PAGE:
How A 'Secret Asian Man' Embraced Anti-Racism

Eric Daza gradually learned to embrace his own Brown-ness in calling out casual racism and embracing anti-racism. ( Adam Chapin Photography)

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By Eric J. Daza

I came to deeply embrace anti-racism in slow, sustained increments.

To do so, I had to embrace my own identity as a Brown person — and understand my own complicity in white supremacy.

White supremacy goes far beyond hoods and swastikas. It is also something that was drilled into me from the moment I was born in the Philippines, a former U.S. colony. It would warp how I saw myself and others. It would shape my childhood and youth, and persist well into adulthood.

This realization took decades, as non-Filipinos would challenge my own racial and ethnic identity. Unlike most Black Americans, as a Filipino, I am privileged enough to not be constantly downplayed, second-guessed, disparaged, mistrusted, even threatened because of how I look and act — oftentimes done by folks who don't realize they are thinking and acting racist.

It would also take almost a decade of doctoral-level schooling on racial disparities in public health while living in the South for me to finally understand my privilege.

I will tell you a little about how I came to recognize and understand my own casual racism and how I tolerated it from others — and how I increasingly committed myself to finding and fighting racism in the minutiae of daily life. If you find it hard to comprehend how you yourself may be supporting white supremacy, even as a non-white person like me, I hope my story helps you see.

ROOTS: MODEL IMMIGRANT

Manila, Philippines, 1988. That year, my stable, happy, ambitious middle-class Roman Catholic family and I picked up to move around the world to California. I was nine.

Within a year of our arrival, we settled in Los Angeles. For the next nine years, I would try to fit into my colonially familiar yet new culture here, embrace geekdom and being a nerd, and completely lose myself in sci-fi, philosophy, music, and art with my mostly male and mostly white or Asian friends.

California, this most populous state in which we settled, has the largest Asian American population of all states (almost 6 million in 2010). And among this large population, the largest Asian ethnicity in California is mine, Filipino.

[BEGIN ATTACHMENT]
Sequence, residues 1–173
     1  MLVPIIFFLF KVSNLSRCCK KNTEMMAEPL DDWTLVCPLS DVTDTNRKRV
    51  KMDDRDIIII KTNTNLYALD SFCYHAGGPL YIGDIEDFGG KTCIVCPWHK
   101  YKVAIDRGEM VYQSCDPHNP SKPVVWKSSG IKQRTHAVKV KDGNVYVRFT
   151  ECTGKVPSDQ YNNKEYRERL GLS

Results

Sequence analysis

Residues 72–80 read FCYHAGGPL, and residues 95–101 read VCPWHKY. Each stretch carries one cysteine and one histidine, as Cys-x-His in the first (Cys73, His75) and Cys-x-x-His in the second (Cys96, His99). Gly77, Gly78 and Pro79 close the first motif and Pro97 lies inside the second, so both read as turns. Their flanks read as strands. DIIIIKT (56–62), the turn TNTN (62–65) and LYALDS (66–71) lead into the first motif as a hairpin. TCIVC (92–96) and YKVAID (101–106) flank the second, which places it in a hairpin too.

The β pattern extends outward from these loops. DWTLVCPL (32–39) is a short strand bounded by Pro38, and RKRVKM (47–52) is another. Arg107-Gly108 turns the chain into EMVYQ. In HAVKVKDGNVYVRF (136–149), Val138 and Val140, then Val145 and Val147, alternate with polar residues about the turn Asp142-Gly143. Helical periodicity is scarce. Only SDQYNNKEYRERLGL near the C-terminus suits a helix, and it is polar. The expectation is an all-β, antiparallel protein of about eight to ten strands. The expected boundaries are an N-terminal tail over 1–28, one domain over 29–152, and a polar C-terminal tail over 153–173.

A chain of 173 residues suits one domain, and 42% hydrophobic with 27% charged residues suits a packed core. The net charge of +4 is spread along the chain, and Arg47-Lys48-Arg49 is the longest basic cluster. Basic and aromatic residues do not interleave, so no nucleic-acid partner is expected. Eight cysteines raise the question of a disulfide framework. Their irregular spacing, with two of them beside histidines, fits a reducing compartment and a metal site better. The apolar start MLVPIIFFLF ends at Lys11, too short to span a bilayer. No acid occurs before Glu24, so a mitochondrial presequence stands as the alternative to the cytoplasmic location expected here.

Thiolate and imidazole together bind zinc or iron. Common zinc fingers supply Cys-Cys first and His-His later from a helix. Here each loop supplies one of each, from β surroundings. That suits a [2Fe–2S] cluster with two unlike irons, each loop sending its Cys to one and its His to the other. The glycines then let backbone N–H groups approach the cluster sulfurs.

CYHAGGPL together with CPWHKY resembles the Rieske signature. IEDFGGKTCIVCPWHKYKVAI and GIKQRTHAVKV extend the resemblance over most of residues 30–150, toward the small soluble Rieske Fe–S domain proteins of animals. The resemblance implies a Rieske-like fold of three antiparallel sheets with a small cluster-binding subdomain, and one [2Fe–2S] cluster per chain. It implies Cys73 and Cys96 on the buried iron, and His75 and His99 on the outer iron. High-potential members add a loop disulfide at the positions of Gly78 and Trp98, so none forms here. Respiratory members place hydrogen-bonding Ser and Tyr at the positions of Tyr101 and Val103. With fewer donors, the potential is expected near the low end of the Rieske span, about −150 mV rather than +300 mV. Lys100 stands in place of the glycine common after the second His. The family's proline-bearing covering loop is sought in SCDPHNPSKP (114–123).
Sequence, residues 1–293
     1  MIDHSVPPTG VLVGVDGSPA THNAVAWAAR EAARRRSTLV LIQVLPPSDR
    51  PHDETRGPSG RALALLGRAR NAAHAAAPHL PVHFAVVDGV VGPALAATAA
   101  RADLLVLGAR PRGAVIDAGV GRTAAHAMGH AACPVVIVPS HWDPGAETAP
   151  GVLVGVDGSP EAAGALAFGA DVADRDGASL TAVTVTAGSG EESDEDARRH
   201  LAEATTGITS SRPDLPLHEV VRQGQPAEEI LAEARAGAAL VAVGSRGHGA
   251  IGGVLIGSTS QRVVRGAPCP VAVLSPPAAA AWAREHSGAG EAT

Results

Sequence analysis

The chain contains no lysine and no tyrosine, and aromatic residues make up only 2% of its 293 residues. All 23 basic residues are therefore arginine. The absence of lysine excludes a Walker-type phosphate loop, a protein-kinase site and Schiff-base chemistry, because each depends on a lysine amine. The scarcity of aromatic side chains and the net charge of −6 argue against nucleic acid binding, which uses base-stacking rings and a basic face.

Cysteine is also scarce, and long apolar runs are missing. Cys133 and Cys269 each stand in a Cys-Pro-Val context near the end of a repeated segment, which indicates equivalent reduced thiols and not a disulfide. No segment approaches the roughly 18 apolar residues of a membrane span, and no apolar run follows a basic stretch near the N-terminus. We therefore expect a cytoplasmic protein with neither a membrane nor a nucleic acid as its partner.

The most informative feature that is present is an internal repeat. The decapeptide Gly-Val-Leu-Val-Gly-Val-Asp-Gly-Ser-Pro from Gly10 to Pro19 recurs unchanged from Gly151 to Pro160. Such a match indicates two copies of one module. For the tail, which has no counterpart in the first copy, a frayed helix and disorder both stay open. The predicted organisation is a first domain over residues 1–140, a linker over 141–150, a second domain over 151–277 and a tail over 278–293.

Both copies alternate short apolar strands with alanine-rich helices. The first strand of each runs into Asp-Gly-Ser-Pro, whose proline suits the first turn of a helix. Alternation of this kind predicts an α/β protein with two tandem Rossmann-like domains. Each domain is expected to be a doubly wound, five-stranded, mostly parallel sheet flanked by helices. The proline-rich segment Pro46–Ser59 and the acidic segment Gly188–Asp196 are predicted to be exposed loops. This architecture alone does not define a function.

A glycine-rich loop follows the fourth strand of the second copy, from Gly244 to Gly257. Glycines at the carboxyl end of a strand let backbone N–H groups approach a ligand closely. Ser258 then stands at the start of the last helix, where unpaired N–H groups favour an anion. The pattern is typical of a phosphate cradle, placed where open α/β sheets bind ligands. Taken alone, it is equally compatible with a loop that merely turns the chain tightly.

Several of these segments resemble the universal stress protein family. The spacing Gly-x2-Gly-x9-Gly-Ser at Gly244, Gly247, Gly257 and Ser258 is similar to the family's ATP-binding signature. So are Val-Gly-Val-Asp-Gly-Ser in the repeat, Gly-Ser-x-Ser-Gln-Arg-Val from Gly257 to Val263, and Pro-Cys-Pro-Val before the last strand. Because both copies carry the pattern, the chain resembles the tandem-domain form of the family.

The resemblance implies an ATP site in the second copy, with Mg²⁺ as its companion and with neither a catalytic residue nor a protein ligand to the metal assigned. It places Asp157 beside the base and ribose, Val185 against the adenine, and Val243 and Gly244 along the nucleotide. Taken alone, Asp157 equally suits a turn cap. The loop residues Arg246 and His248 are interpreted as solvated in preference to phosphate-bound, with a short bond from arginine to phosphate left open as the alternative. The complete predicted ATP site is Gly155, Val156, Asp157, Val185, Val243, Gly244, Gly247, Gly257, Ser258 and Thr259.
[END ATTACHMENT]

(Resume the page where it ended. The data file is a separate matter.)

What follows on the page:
Eric Daza pictured as a senior in his high school yearbook in 1996. (Courtesy Eric Daza)

In fact, we Filipinos are the second-largest Asian ethnicity nationally. For this, I can thank U.S. immigration policies that financially and socially incentivized Filipino immigration over 60-plus years — particularly in the mid-1960s onwards. (These policies are why so many of your Filipino friends are nurses.)

But I did not know how big a share of Asian America we made up, and I still wonder how many Filipino Americans do. Our collective size and voice seems invisible even to many of us. There are deep, tragic, Spanish and U.S. colonial reasons for this which persist today in our collective Filipino/a/x psychology. I'll get into that later.

OFF-WHITE ASIAN

Coming of age as a good "race-naive" liberal in L.A., I thought the best way to fight racism was to ignore it: Don't talk about it, don't acknowledge it exists.

I was an easygoing, fun-to-be-around off-white — an unsuspecting acolyte of the U.S. colonial days whose legacy deeply instilled in homeland Filipinos the righteous desire to be white Americans.

Truthfully, race didn't factor into my identity much back then. Most of my friends were white, and I played right along.

My biggest battle of identity was to decry how "normal people" heckled my own nerd-geek tribe. I strongly aligned myself with and advocated for "my people" — those being misfits, dorks, weirdos and creatives. These feelings of bohemian "geek-4-life" indignation would stay with me well into my late twenties, overriding all other axes of identity.

At my all-male college-preparatory Jesuit Catholic high school, my friends and I would opine over simplistic abstractions of social issues we thought were part of some fantastical hero's-journey narrative of fabled social agents fighting for change.

These were the years that immediately followed the 1992 riots. We of course expressed outrage over police brutality, over the beating of Rodney King, over the acquittal of the four officers who did it. But in my insular off-white world, it all felt far away, abstract — and to me, to be honest, even equivocal.

My friends and I didn't realize that such societal injustices were made epic by the complexity and stubborn persistence of bad quotidian behaviors. We didn't (or at least I didn't) yet understand what were microaggressions, which impact the physical, mental, and emotional health of human beings through thousands of tiny (and not-so-tiny) cuts throughout a person's lifetime.

I had never met anyone affected by discrimination-based hiring policies, policing practices or racially biased health recommendations. And I had never examined the default assumptions that people make about strangers — you know, stereotypes — even though I benefited from them.